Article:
If the war was not bad enough, Watergate came next. Vietnam was a long war but having Watergate was like piling on, to the American Psyche. It is still unfathomable that a third rate burglary led to the resignation of a President, President Richard M. Nixon. It is hard to believe that it really happened, after all of these years. After the failed burglary, 68 people from the re-election effort and Nixon’s administration were indicted and 49 were convicted with many serving prison time.
Although President Nixon did many good things as President of the United States, no one is above the law, not even the President. Our citizens got quite a civics lesson during the Senate Watergate hearings. The Nixon gang was paraded before the cameras and before the Committee, chaired by Senator Sam Ervin of North Carolina with the respected and fair, Senator Howard Baker of Tennessee, presiding as the minority chair. Day after day, new revelations shocked and rocked a nation. Senator Ervin became a television star as the country lawyer who continually upbraided, embarrassed and humbled men who came to sit down before his committee. They came sometimes with huge inflated egos and went home as lambs as Senator Ervin, brought out his copy of the Constitution and his quotes from the Bible to excoriate these men who purportedly represented the President of the United States.
Watergate succeeded in confirming for what many of our citizens have often thought, that politicians are not to be trusted. Many proved to be crooks and liars. Cynicism and a lack of faith in our government went deep into the psyche after that. For almost ten years, two awful events, left an everlasting impression upon a generation of voters. Now many years later, we are still feeling the repercussions of Vietnam and Watergate. Many of our voters just plain do not vote anymore and others have been so damaged by the scars of the two events that they will always distrust government and politicians. To those who are left scarred by the events of the past no professional politician is to be trusted.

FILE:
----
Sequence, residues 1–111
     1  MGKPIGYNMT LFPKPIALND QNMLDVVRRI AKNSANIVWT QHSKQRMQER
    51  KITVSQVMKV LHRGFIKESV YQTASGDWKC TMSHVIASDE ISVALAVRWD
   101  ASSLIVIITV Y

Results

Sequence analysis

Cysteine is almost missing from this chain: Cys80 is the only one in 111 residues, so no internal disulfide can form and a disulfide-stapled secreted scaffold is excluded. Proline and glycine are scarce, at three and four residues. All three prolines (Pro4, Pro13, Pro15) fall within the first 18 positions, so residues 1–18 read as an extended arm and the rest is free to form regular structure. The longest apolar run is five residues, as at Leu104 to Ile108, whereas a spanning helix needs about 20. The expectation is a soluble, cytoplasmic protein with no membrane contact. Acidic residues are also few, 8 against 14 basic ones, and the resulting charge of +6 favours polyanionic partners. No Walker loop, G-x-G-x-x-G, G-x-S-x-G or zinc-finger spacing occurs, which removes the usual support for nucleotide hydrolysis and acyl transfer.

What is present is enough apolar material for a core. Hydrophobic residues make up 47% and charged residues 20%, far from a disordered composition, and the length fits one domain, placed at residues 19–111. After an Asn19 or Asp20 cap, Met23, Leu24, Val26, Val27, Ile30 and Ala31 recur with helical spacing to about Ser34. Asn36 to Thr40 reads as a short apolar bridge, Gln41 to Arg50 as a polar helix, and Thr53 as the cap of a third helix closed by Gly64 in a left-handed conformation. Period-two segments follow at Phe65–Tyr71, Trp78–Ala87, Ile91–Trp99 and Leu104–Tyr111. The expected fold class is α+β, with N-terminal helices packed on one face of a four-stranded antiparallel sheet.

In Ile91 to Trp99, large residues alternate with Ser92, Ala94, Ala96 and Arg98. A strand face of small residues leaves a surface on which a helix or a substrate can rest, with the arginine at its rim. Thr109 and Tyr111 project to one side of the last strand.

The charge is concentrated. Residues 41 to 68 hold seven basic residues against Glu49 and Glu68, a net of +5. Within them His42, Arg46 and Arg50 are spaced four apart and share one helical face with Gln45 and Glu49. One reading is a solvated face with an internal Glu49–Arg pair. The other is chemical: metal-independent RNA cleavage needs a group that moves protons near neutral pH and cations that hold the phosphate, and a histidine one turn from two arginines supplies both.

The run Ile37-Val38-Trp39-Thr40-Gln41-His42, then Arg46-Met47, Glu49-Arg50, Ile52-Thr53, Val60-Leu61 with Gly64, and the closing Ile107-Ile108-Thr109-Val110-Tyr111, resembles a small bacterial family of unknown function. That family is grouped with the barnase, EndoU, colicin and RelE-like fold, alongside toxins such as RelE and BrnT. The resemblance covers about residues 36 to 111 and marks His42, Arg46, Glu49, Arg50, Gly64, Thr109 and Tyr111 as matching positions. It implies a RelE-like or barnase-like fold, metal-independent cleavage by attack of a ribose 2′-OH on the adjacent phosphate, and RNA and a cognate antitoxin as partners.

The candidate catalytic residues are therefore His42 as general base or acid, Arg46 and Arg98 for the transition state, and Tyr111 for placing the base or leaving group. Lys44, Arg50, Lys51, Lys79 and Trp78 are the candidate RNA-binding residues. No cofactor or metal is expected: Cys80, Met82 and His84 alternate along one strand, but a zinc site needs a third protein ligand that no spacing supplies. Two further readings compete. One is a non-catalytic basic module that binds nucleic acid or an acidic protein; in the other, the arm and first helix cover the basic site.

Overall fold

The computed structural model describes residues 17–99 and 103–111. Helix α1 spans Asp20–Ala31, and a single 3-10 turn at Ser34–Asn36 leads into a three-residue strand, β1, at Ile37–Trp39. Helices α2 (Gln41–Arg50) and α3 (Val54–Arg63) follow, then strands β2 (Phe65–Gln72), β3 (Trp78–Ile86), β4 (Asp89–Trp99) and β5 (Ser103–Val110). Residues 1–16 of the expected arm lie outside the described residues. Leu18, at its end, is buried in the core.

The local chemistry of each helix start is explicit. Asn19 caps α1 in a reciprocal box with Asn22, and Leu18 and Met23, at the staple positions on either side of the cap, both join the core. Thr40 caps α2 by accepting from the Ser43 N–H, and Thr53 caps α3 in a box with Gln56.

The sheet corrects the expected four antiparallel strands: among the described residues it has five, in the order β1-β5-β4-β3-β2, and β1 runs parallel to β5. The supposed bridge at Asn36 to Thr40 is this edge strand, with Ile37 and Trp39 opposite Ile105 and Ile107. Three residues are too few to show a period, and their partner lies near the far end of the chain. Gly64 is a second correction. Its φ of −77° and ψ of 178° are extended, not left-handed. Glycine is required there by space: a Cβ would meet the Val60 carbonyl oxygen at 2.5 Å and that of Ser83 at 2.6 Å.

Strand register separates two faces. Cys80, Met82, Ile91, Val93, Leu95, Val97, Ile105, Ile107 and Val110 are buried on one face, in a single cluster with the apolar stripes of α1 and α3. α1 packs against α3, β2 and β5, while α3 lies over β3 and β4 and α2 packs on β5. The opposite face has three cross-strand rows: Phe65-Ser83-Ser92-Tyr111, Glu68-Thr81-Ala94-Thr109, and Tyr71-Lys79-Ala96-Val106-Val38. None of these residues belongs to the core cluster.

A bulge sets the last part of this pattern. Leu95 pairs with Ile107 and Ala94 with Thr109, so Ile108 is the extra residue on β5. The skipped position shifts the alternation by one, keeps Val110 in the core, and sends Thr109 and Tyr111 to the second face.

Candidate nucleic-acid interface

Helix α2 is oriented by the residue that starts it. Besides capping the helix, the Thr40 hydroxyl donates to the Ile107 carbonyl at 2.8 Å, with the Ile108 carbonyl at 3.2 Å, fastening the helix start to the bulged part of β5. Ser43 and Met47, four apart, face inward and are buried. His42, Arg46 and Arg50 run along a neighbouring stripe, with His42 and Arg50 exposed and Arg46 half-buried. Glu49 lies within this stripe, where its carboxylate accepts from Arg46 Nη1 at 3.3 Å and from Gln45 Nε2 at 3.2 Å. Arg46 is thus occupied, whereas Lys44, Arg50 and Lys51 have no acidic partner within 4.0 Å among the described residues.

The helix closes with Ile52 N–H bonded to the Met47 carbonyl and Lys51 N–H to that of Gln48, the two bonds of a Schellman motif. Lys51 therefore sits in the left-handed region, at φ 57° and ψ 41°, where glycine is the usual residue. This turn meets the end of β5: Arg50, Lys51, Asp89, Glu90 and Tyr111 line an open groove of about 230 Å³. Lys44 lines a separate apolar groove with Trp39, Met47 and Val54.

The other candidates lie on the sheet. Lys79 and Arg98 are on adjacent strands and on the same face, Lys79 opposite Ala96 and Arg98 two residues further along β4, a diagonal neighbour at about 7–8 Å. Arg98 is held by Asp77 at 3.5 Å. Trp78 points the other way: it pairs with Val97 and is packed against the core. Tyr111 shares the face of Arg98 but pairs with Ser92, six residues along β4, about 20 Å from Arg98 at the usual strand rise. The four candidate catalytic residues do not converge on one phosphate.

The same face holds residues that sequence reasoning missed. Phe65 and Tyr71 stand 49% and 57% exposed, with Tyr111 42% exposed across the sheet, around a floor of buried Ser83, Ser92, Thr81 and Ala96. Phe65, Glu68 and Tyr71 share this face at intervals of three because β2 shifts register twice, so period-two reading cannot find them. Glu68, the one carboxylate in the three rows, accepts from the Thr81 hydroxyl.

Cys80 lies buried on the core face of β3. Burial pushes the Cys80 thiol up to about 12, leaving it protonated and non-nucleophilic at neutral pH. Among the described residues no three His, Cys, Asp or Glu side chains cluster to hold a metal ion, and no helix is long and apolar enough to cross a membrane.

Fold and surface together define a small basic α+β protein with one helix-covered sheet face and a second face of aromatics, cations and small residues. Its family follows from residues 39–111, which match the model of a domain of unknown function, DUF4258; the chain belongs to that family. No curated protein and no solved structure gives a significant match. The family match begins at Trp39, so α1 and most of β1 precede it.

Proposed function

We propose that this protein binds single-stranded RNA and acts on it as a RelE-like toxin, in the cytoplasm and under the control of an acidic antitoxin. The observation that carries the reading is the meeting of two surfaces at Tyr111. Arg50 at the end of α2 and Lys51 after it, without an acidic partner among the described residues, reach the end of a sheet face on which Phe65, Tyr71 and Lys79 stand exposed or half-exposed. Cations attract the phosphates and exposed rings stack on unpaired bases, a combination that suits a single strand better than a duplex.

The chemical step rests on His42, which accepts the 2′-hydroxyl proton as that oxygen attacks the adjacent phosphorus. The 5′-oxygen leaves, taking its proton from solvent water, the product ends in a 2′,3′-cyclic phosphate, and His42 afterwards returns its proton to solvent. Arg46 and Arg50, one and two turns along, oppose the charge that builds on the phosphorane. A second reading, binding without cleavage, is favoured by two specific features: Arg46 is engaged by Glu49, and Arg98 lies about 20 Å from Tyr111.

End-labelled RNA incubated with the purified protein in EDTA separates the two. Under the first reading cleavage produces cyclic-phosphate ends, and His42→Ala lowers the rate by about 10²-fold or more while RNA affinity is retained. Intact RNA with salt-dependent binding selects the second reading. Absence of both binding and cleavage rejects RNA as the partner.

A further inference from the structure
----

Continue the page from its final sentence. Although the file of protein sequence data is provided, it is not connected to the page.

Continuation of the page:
This is why I believe that in the year, 2015, we have so many candidates who have found solid footing in the race to the White House. Why,because they are viewed as outsiders! People far removed from politics. Donald Trump has never held elective office. He is a billionaire builder and developer of properties. Ben Carson is a former brain surgeon who has never been elected to any political office, not even to his own City Council. Carly Fiorina is a former corporate CEO, whose only previous exposure to politics was a failed run for the Senate in the State of California.
Some voters have talked themselves into thinking that maybe the trains will run on time if only we elect someone far removed from the nations capitol.
Be careful what you wish for! If you elect an amateur you just might get as a result, the Amateur Hour!!!